NOW: Letterman Created "Toxic Environment"
NOW has posted a formal statement criticizing Letterman on its website. According to NOW, Letterman's behavior created a "toxic environment." NOW reasons that:
[Letterman] wields the ultimate authority as to who gets hired, who gets fired, who gets raises, who advances, and who does entry-level tasks among the Late Show employees. As "the boss," he is responsible for setting the tone for his entire workplace -- and he did that with sex. In any work environment, this places all employees -- including employees who happen to be women -- in an awkward, confusing and demoralizing situation.The statement also describes a call from a man who asked NOW to advise him how to discuss this issue with his daughter:
We recently received a call from a man in Rockford, Ill., who wanted to get advice from NOW about what to tell his 16 year-old daughter who was confused by reports on the latest Letterman controversy. The father raised his daughter to be a feminist. He raised her to stand up for herself. He raised her not be objectified as a sexual object. She admits she is confused because the messages she sees on television and news reports appear to make it okay to objectify women as long as the man in power is famous. It is this kind of hypocrisy that perpetuates the image of men in power preying on women, while many look the other way.NOW's Criticism is Unnuanced
Sexual harassment in the workplace is not only unlawful, but it is a serious problem. NOW's analysis, however, does not distinguish unwanted sexual attention, which federal law prohibits, and consensual sex. Because Letterman is "the boss," NOW deems any sexual contact between him and his (female) staff as inappropriate.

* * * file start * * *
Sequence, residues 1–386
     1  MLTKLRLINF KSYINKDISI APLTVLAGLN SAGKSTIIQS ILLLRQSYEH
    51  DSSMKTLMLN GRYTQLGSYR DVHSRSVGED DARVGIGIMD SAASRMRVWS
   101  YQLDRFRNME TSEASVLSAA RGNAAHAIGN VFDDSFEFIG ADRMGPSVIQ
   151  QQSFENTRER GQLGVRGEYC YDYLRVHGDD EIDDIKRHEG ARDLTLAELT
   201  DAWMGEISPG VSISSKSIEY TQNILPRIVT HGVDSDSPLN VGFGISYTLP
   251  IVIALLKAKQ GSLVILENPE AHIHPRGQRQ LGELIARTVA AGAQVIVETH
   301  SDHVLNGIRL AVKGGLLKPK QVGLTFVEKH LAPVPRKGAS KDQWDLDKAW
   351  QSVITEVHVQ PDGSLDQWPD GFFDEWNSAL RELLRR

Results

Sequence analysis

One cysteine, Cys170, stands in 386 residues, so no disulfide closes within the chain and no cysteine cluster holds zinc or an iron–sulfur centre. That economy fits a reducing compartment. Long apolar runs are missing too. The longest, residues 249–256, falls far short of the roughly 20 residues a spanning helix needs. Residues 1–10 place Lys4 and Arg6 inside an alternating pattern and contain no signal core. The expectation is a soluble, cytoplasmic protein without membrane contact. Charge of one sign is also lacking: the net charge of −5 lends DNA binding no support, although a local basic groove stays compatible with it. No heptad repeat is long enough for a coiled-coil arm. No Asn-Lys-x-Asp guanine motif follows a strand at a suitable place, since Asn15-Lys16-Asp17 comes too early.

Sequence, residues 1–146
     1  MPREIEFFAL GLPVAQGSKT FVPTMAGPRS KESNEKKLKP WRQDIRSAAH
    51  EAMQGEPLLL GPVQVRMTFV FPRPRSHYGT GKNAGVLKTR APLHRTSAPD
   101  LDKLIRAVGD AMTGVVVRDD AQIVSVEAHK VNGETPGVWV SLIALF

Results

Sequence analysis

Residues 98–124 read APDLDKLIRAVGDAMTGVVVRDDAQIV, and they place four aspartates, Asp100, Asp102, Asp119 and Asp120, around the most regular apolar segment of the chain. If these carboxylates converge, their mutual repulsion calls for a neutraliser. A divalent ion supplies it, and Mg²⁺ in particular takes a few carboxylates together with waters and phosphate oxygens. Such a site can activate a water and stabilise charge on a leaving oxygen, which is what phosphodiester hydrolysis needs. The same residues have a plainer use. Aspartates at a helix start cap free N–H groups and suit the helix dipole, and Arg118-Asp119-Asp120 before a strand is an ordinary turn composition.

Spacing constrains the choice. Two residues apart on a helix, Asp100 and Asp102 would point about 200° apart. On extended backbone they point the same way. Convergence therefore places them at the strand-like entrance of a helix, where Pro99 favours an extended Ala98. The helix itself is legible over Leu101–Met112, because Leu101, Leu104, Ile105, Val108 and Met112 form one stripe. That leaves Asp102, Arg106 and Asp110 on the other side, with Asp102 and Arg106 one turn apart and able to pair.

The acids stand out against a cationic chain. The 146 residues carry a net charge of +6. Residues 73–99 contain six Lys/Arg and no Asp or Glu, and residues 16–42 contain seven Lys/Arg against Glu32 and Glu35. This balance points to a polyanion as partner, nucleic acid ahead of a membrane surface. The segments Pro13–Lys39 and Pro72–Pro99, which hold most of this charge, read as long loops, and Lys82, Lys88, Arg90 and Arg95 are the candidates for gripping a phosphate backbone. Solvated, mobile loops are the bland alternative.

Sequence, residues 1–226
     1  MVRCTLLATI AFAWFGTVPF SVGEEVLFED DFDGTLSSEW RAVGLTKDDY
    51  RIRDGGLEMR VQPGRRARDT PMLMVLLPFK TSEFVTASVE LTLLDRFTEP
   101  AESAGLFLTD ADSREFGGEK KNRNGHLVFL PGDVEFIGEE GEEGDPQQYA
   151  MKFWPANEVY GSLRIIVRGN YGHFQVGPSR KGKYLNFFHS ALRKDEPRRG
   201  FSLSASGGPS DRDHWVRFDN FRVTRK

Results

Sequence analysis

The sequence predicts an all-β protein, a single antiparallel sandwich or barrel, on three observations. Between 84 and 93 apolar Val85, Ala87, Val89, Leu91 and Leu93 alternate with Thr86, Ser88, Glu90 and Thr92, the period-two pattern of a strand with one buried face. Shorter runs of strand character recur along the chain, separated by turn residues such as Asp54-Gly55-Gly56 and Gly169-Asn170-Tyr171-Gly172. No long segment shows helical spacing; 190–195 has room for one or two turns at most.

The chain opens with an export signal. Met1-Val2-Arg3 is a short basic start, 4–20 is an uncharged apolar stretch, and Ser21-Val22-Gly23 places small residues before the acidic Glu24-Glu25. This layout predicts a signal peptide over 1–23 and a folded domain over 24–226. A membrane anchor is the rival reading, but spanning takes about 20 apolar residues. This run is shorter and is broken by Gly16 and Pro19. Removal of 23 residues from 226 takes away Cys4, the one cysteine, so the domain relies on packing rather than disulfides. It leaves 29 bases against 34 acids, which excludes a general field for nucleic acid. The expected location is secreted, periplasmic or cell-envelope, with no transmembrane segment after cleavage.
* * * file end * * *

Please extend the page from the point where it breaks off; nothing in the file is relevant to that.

Many feminist legal theorists (e.g., Janet Halley, Kathryn Abrams) have criticized the assumption that women lack agency to consent to sexual relations in the workplace, including with men in positions of authority. Some of the "agency theorists" have failed to appreciate the fact that economic status, race, sexual orientation, and other factors severely limit women's autonomy. Nevertheless, NOW's assertion that any sexual contact between "bosses" and subordinates creates a "toxic" work environment, "objectifies" women, and involves men "preying on women" offers a particularly unnuanced depiction of the workplace.
In some circumstances, the law rightfully assumes that "subordinates" cannot consent to sex. For example, statutory rape laws rest on the understanding that sex between a child and an adult will likely involve some dimension of coercion even if the child offers "consent." Laws also prohibit teachers from having sex with students, including students who have reached the legal age of consent. Similar laws ban sexual relations among staff and patients in mental hospitals and among prison officials and inmates. NOW's position treats the workplace like all of these other settings where the problem of consent seems far more pronounced.
It is also interesting and ironic that in the case of Letterman, a female staffer's male romantic companion spearheaded the extortion scheme. Apparently, Joe Alderman read Stephanie Birkitt's personal diary, discovered that she was having an affair with Letterman, and tried to cash in on the situation.
Alderman treated Birkitt as "his" property. It does not appear that Birkitt conspired with him to commit extortion. Instead, Alderman used her affair with Letterman to address his own dire financial situation. This seems analogous to the archaic notion that an act of adultery with a married women is a crime against the "innocent" married male.
Also, according to some sources, Birkitt apparently told Alderman that she and Letterman where "best friends" when she traveled with him to Montana in 2008. Furthermore, Birkitt has described her relationship with Letterman in very warm terms. These factors undermine the sexual predator narrative that informs NOW's critique of Letterman.
Letterman might be a patriarch. But that does not rob women of the ability to consent to sex, nor does it make him a sexual predator.
Update: Taylor Marsh has also analyzed this issue: Just One Reason I Don't Belong to NOW.